Characters. - Colourless, transparent, monoclinic prisms, efflorescent in dry air, odourless, having a cooling saline and sulphurous taste.

Reactions of Sodium Sulphite, Bisulphite, and Hyposulphite. - They all evolve sulphurous acid vapours, recognised by their giving the smell of burning sulphur on the addition of hydrochloric acid to an aqueous solution. The hyposulphite is distinguished from the sulphites by the acid causing sulphur to be deposited from the solution, and thus rendering it turbid, whilst solutions of the sulphites remain clear. The sulphites are distinguished from each other by the bisulphite having an acid and the sulphite a neutral or feebly alkaline reaction.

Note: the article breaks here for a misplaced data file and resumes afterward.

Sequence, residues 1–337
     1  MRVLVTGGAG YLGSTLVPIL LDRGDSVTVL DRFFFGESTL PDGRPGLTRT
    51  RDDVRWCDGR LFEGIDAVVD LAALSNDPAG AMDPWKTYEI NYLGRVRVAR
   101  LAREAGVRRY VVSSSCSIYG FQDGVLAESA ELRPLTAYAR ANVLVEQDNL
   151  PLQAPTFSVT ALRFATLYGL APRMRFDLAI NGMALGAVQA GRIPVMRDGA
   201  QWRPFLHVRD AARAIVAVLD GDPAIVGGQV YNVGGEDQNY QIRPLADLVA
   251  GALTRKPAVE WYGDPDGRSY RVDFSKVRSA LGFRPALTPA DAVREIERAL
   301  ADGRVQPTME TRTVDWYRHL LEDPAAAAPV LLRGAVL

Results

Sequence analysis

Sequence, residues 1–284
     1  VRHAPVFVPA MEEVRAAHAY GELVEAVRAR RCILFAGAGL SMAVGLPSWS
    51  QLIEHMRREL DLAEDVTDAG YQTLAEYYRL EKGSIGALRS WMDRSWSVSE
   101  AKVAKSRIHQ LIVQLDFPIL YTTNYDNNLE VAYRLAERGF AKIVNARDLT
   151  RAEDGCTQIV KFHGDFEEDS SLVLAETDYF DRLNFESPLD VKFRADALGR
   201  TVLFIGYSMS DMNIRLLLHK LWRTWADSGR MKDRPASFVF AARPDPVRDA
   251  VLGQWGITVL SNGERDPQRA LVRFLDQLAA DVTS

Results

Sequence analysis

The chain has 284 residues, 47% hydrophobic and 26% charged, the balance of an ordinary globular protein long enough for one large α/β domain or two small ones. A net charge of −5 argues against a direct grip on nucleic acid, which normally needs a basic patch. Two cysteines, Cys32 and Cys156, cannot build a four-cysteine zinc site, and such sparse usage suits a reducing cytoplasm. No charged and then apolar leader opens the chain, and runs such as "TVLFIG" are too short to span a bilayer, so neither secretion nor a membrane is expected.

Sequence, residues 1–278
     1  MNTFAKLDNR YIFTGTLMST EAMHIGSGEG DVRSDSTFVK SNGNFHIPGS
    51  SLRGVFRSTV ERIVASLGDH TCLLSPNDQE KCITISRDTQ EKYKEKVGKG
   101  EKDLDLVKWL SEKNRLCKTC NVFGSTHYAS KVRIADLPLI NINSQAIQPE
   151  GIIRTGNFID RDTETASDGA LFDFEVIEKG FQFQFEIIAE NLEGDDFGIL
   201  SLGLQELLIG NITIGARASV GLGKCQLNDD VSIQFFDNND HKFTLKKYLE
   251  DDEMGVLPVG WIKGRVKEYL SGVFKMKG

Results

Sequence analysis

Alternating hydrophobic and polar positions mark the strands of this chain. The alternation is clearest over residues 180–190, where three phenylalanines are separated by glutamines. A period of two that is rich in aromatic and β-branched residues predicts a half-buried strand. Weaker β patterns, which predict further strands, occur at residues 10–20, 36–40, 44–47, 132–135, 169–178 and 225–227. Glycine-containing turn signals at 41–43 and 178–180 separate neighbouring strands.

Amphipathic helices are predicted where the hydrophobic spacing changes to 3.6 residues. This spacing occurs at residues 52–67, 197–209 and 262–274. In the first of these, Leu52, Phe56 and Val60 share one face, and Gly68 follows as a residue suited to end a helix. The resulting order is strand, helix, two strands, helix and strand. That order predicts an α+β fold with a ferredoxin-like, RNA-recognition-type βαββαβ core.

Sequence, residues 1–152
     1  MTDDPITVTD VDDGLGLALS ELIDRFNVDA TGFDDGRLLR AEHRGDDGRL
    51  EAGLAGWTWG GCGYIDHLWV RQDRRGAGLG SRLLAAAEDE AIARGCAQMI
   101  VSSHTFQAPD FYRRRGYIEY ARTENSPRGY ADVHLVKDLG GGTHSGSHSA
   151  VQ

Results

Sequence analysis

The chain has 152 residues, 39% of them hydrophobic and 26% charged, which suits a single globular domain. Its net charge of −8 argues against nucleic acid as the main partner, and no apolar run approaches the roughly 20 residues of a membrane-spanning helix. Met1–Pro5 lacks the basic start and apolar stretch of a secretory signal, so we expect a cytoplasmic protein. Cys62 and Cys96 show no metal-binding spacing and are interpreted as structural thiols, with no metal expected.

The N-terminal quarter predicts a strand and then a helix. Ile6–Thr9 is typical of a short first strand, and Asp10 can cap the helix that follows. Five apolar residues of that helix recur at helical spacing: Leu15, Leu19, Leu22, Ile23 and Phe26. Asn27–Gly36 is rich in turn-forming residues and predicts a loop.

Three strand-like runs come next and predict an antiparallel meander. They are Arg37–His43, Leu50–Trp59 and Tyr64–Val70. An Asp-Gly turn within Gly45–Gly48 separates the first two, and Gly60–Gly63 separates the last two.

Dose. - 5 to 20 grains, or even up to 1 drachm (3.9 gm.).

Uses. - A solution of 1 part in 8 of water is used in cases of aphthae in the mouth; it has been given also to destroy sarcinae and torulae in cases of yeasty vomiting (vide Sulphurous Acid, p. 572). In some cases of boils the sulphite and hyposulphite in 15 to 20 grain doses every 2 or 3 hours are said to have effected a cure.